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US official says Biden bolstered Saudi Patriot missile supply

Move comes amid strained relations between Riyadh and Washington, with the latter moving its air defense systems from kingdom and removing Iranian proxy Houthis from terror list

A member of the US Air Force stands near a Patriot missile battery at the Prince Sultan air base in al-Kharj, central Saudi Arabia, on Feb. 20, 2020.   (Andrew Caballero-Reynolds/Pool via AP, File)
A member of the US Air Force stands near a Patriot missile battery at the Prince Sultan air base in al-Kharj, central Saudi Arabia, on Feb. 20, 2020. (Andrew Caballero-Reynolds/Pool via AP, File)

WASHINGTON (AP) — The US has transferred a significant number of Patriot antimissile interceptors to Saudi Arabia in recent weeks as the Biden administration looks to ease what has been a point of tension in the increasingly complicated US-Saudi relationship.

A senior administration official confirmed Sunday night that the interceptors have been sent to Saudi Arabia. The official, who spoke on the condition of anonymity to discuss a move that has not been formally announced, said the decision was in line with President Joe Biden’s promise that “America will have the backs of our friends in the region.”

White House national security adviser Jake Sullivan on Sunday condemned Houthi forces in Yemen after they unleashed one of their most intense barrages of drone and missile strikes on Saudi Arabia’s critical energy facilities, sparking a fire at one site and temporarily cutting oil production at another.

The Associated Press reported in September that the US had moved its own Patriot defense system from Prince Sultan Air Base outside of Riyadh even as the kingdom faced continued to face air attacks from Yemen’s Houthi rebels.

The kingdom has insisted that the interceptors are critical to its defense against Houthi attacks. The Saudis have been locked in a stalemate war with the Houthis since March 2015.

At the time the US Patriot systems were moved out of the kingdom, administration officials said the shift in defense capabilities was made in part due to a desire to face what American officials see as the looming “great powers conflict” with China and Russia.

Houthi fighters chant slogans as they take off to a battlefront following a gathering aimed at mobilizing more fighters for the Houthi movement, in Sanaa, Yemen, August 1, 2019. (AP Photo/Hani Mohammed)

Pentagon officials noted that the US maintained tens of thousands of forces and a robust force posture in the Middle East representing “some of our most advanced air power and maritime capabilities.”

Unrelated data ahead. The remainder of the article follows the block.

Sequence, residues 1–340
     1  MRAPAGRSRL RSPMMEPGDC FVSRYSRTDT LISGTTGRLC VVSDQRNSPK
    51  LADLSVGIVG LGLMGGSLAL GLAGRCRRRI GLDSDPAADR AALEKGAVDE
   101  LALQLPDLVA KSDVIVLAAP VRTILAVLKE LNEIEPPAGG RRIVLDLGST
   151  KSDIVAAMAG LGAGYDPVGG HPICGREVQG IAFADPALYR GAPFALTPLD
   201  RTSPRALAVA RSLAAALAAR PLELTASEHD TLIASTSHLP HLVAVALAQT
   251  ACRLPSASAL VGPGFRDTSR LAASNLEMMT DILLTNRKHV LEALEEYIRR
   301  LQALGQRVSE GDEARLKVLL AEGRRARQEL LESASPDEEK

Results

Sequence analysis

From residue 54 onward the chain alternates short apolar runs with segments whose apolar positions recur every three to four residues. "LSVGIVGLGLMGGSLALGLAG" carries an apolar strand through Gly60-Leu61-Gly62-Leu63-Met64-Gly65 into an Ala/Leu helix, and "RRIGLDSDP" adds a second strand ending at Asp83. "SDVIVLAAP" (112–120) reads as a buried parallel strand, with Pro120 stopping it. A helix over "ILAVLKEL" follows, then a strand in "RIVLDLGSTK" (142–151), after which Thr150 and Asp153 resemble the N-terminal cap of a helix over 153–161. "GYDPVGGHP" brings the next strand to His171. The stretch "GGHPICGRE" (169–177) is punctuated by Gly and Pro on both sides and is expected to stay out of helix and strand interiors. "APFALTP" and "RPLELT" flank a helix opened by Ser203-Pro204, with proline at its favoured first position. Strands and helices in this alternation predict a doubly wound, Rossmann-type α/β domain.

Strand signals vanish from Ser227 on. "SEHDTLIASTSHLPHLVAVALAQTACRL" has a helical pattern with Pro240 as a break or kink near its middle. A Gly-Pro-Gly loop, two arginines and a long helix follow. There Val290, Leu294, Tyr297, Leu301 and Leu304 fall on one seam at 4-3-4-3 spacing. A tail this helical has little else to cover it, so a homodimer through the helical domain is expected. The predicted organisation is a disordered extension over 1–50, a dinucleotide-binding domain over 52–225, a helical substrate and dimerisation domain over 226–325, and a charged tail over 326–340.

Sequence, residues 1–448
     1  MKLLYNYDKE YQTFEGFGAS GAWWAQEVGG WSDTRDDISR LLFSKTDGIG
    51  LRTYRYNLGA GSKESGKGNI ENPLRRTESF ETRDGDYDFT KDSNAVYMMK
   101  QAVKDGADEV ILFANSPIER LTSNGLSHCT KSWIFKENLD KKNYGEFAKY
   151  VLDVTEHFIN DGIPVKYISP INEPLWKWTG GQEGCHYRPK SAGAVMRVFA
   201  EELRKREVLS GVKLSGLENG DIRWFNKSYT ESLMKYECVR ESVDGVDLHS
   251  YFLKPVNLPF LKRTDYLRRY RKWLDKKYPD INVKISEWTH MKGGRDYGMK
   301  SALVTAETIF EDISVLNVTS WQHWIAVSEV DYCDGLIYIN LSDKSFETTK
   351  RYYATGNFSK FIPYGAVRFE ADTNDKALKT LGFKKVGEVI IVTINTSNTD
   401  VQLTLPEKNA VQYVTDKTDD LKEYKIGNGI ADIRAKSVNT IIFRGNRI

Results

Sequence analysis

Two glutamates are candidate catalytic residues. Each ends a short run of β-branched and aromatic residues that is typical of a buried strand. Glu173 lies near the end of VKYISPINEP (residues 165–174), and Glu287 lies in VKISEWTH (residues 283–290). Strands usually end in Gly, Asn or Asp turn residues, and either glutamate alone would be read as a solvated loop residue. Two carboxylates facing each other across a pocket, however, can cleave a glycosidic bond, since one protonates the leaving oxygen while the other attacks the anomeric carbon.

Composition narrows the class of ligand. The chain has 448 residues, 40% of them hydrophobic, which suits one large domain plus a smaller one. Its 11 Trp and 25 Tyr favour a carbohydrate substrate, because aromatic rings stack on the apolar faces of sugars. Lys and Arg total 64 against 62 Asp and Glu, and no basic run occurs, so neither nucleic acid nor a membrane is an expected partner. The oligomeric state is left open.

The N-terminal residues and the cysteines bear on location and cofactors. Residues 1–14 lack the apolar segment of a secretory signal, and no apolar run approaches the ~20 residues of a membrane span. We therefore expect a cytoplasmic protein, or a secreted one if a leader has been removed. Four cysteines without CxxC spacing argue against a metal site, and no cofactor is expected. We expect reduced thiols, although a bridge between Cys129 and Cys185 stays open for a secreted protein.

The decision to fortify Saudi Arabia’s supply of interceptors was first reported by The Wall Street Journal.

The US-Saudi relationship has been strained since Biden took office. The president has refused to deal directly with Crown Prince Mohammed bin Salman and has removed the Houthis from a list of designated terrorist groups.

The Biden administration last year released a declassified intelligence report concluding that the crown prince, son of the aging King Salman and known as MBS, had authorized the team of Saudi security and intelligence officials that killed journalist Jamal Khashoggi in October 2018 at the Saudi consulate in Istanbul.

The killing of Khashoggi, a critic of MBS, drew global condemnation. The crown prince insists he was not involved in the operation carried out by Saudi operatives.

Saudi Crown Prince Mohammed bin Salman, speaks during the Gulf Cooperation Council (GCC) Summit in Riyadh, Saudi Arabia, on Tuesday, December 14, 2021. (Bandar Aljaloud/Saudi Royal Palace via AP)

In a recent interview with The Atlantic, the crown prince was asked whether Biden misunderstands something about him. He responded, “Simply, I do not care” and that it was up to Biden to think “about the interests of America” when weighing his dealings with the Saudi monarchy.

The White House dispatched Brett McGurk, the National Security Council’s Middle East coordinator, and the State Department’s energy envoy, Amos Hochstein, to Riyadh last month to talk to Saudi officials about a range of issues — chief among them the ongoing war in Yemen and global energy supplies.

The Saudis have thus far declined to pump more crude to alleviate a spike in global oil prices that’s been spurred by Russia’s invasion of Ukraine.

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